In approximately 70-85% of cases, oral appliances will effectively reduce or eliminate apnea events. Snoring is eliminated or considerably reduced in approximately 90 % of cases. Factors such as the dentist’s experience providing the service, limitations of the device chosen, the severity of apnea, natural jaw movements, and the weight of the individual can all impact success levels. Compared to CPAP therapy, oral devices overall stack up quite high in ‘effectiveness.’ CPAP therapy may be more effective when used. Still, oral devices are tolerated considerably and worn for more hours than CPAP therapy. In other words, they might be similar in the overall effectiveness for treating obstructive sleep apnea.

What does successful apnea appliance treatment look like?

Successful treatment for snoring and apnea can have a large positive impact on the quality of your life. And your relationships! For those that suffer with noticeable symptoms, successful oral appliance therapy (OAT) can result in:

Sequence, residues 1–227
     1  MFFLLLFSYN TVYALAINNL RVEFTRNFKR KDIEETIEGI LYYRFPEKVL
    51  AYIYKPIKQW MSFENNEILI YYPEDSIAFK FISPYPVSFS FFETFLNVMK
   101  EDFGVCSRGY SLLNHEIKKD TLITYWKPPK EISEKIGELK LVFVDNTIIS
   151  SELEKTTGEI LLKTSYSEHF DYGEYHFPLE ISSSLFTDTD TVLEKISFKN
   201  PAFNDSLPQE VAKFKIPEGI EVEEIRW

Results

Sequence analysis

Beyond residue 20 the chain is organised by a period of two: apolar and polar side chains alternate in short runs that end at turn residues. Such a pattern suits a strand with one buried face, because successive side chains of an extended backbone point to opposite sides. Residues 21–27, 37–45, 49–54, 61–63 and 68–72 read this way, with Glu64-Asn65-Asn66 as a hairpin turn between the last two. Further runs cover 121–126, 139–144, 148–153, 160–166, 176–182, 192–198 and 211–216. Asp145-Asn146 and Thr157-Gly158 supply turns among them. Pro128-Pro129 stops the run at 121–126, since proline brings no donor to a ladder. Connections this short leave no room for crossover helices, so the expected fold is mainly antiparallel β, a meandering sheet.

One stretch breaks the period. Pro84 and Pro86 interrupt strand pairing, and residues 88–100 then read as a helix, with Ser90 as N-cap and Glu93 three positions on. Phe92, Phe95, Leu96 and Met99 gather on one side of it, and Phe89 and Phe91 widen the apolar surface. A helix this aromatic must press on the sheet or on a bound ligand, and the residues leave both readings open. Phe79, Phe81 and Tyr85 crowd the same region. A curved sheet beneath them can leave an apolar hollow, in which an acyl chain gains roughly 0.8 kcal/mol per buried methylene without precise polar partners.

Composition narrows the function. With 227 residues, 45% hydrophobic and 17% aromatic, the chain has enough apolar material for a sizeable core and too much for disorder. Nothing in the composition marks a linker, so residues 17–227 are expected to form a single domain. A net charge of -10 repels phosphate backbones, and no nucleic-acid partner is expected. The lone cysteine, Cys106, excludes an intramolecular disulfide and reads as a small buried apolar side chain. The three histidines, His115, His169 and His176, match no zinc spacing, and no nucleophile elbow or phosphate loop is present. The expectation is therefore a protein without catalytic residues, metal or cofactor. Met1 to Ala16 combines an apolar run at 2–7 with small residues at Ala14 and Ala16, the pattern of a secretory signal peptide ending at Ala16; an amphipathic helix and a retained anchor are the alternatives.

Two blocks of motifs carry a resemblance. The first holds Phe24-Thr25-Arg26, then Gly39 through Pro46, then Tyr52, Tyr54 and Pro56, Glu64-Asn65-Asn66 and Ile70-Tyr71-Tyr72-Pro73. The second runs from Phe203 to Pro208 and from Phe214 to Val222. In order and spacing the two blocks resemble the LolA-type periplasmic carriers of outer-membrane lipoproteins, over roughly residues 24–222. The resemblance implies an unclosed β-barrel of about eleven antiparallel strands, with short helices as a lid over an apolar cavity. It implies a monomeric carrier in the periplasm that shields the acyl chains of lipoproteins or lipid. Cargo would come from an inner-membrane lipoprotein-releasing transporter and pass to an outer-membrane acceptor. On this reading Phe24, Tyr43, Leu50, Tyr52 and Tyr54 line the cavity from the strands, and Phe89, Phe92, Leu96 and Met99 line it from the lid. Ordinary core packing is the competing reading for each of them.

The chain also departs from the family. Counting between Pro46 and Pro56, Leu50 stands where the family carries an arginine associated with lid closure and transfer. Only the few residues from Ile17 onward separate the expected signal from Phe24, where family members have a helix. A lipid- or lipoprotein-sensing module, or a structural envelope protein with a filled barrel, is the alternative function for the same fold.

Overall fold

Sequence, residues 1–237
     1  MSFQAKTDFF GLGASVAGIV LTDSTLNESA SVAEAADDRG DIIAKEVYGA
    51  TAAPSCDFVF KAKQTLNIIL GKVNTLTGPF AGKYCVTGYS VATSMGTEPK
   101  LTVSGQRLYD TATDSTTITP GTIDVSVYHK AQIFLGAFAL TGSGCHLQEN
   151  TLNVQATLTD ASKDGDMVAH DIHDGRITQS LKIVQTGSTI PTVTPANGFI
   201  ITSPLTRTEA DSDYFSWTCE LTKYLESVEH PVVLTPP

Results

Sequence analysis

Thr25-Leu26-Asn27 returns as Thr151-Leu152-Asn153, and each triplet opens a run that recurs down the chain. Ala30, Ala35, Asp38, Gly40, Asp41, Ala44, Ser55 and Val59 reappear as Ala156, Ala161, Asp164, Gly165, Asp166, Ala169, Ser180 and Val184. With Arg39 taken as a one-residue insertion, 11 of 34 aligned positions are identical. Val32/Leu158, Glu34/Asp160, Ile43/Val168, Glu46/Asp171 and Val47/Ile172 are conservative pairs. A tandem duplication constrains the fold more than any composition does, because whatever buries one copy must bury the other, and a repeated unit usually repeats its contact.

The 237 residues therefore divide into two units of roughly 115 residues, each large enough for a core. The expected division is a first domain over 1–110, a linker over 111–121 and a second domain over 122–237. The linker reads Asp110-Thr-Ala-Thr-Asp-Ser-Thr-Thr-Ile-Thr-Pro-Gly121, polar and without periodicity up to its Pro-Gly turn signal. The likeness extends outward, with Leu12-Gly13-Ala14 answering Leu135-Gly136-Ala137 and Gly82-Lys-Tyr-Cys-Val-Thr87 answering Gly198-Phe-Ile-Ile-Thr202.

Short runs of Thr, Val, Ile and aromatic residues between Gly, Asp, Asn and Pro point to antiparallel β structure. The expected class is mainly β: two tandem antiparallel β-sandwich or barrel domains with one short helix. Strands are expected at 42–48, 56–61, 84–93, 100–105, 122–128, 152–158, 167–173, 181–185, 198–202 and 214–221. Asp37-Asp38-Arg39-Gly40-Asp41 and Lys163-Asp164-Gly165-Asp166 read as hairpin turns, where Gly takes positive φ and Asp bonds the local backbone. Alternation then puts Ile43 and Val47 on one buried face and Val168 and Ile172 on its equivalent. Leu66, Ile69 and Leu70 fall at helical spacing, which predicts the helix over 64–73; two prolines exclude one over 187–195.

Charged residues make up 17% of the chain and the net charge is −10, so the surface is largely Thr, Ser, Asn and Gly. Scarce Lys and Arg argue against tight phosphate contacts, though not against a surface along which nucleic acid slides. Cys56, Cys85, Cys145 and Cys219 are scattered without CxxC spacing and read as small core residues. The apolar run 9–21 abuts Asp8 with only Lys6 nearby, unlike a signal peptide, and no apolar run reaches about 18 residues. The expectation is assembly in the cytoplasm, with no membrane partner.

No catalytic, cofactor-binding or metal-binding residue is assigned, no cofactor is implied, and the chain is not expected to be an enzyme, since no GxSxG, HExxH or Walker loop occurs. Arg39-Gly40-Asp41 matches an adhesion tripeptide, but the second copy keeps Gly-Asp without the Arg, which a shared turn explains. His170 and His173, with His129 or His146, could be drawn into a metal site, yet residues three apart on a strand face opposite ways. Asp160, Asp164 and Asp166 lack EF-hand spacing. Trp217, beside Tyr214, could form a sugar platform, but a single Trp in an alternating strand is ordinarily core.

Improved sleep quality

Feeling refreshed when you awaken

Feeling more awake later in the day or during driving

More peace in relationships with eliminated or improved snoring levels

Deeper, more peaceful sleep

Couples are rejoined in bedroom

Less trips to the bathroom during sleep

Improvement in chronic health conditions such as high blood pressure

Improved oxygen blood levels during sleep

Absence or improvement of the number of apnea events

Can I wear an oral appliance if I grind my teeth?

Yes, patients that wear a nightguard currently or have been told they grind their teeth are often excellent candidates for oral sleep appliances. If successful, oral appliances can treat the apnea and manage the bruxing (teeth grinding) while eliminating the patient wearing a CPAP (Continuous Positive Airway Pressure Device) simultaneously with a nightguard. Wearing both at the same time can add more difficulty to CPAP usage. 

Can I use an oral appliance if I’ve had TMJ in the past?

Yes, patients with a history of TMJ or jaw pain symptoms often transition nicely into regular usage of an oral appliance. However, it is recommended that TMJ problems be managed before starting oral sleep appliance therapy. In some cases, patients with current mild “TMJ” symptoms often feel improvement after wearing an oral sleep appliance.